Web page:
There can be no dispute that plaintiff, as an employee of the State Highway Department, was a public officer and that his position carried with it the duties, benefits and obligations inherent therein. Bedrock Foundations, Inc. v. Geo. H. Brewster & Son, Inc. , 31 N.J. 124 (1959). His status as a public officer carried with it an obligation and duty to comply with all reasonable rules and regulations promulgated by the New Jersey State Highway Department or its Commissioner. As a Civil Service employee he was under a similar obligation with respect to the Civil Service rules and regulations. In addition to all these specified rules and regulations, he stood in a fiduciary relationship to the public, and the law imposed upon him such duties as arise by implication from the very nature of his office. State v. Weleck , 10 N.J. 355 (1952); State v. Cohen , 32 N.J. 1 (1960). Such implied duties would be honesty and fairness toward the State and persons doing work for the State Highway Department, or its contractors and sub-contractors, in inspecting, testing and certifying work done and materials furnished. I have only given a broad general statement of
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the inherent duties of plaintiff's position, but the language of the court in Driscoll v. Burlington-Bristol Bridge Co. , 8 N.J. 433 (1952), is clearly relevant and applicable, and is worthy of being quoted when one seeks to gauge a public employee's duty and obligation to the public:
"They stand in a fiduciary relationship to the people whom they have been elected or appointed to serve. * * * As fiduciaries and trustees of the public weal they are under an inescapable obligation to serve the public with the highest fidelity. In discharging the duties of their office they are required to display such intelligence and skill as they are capable of, to be diligent and conscientious, to exercise their discretion not arbitrarily but reasonably, and above all to display good faith, honesty and integrity. * * * They must be impervious to corrupting influences and they must transact their business frankly and openly in the light of public scrutiny so that the public may know and be able to judge them and their work fairly. * * *"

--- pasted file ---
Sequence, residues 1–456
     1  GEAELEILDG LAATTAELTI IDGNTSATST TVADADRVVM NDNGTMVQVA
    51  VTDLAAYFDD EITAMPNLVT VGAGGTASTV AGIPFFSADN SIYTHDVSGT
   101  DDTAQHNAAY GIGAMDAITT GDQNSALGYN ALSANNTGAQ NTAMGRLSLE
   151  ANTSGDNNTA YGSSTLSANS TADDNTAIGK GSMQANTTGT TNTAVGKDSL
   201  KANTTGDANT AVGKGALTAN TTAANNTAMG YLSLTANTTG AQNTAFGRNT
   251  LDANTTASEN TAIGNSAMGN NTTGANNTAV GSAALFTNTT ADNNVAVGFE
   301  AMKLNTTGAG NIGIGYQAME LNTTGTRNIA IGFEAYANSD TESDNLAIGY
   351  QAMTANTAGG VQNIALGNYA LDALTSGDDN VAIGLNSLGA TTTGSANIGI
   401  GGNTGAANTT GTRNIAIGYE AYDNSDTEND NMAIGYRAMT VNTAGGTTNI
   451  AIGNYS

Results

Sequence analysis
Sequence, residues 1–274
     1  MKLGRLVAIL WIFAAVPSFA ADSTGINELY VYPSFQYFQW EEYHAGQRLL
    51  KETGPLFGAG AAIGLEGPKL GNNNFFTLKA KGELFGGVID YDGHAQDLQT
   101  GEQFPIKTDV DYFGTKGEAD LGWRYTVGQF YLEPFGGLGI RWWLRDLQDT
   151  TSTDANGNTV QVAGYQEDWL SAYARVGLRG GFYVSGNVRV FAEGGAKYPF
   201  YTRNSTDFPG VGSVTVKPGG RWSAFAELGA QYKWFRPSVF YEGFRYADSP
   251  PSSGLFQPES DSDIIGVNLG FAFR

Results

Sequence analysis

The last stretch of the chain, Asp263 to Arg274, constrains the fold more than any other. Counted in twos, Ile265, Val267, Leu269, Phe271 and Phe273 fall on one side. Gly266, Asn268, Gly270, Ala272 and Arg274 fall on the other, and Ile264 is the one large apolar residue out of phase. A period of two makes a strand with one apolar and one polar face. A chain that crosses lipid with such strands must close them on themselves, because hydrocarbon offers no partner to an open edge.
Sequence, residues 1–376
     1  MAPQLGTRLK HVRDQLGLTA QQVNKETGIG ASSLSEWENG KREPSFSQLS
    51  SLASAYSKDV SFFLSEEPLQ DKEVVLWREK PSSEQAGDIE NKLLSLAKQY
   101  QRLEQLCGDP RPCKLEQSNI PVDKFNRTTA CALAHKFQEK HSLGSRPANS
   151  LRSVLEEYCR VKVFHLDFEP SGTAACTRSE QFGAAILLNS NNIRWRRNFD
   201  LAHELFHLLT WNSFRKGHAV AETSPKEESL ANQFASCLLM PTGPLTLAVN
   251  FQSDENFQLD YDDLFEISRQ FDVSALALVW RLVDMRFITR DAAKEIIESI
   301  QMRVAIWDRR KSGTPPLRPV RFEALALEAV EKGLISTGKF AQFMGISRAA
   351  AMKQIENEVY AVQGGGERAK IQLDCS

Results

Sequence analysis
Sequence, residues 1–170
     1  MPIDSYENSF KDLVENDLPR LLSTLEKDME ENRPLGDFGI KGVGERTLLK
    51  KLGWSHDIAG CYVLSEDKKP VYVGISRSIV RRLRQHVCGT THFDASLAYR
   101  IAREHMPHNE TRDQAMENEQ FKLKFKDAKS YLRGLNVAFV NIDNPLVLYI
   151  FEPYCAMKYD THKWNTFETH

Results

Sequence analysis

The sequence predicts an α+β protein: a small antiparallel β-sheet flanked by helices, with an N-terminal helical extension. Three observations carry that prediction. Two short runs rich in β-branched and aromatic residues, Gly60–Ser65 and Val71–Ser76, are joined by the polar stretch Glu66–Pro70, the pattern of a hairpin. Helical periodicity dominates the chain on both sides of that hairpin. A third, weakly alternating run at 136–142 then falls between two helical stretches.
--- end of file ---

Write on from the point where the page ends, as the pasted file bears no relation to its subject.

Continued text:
Without further burdening my conclusions by examining in detail the charges on which plaintiff was found guilty, suffice it to say that, considered as a whole, I cannot say that plaintiff's conduct consisted of that kind of service required of him in order to entitle him to pension benefits. On the contrary, I must conclude that he was unfaithful, disloyal, dishonest and a discredit to the State of New Jersey. Having been properly discharged from service on charges of misconduct and delinquency, he is not entitled to a pension.
While the point has not been raised or argued by either side, it seems to me that I should not by this decision foreclose such benefits as plaintiff may be entitled to under the provisions of N.J.S.A. 43:15 A -41. This section of the Pension Act provides that an employee who withdraws from service, or ceases to be an employee for any cause other than death or retirement, shall receive all, or such part as he demands, of the accumulated deductions standing to the credit of his individual account in the annuity savings fund, plus regular interest. While I make no determination on this point, I want it to be understood that I am not foreclosing
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plaintiff from using this section of the statute should he desire to do so.
The Attorney General will prepare an appropriate judgment consistent with these conclusions, have it consented to as to form by counsel for plaintiff, and submit it to me for signature and filing; otherwise it may be settled on notice.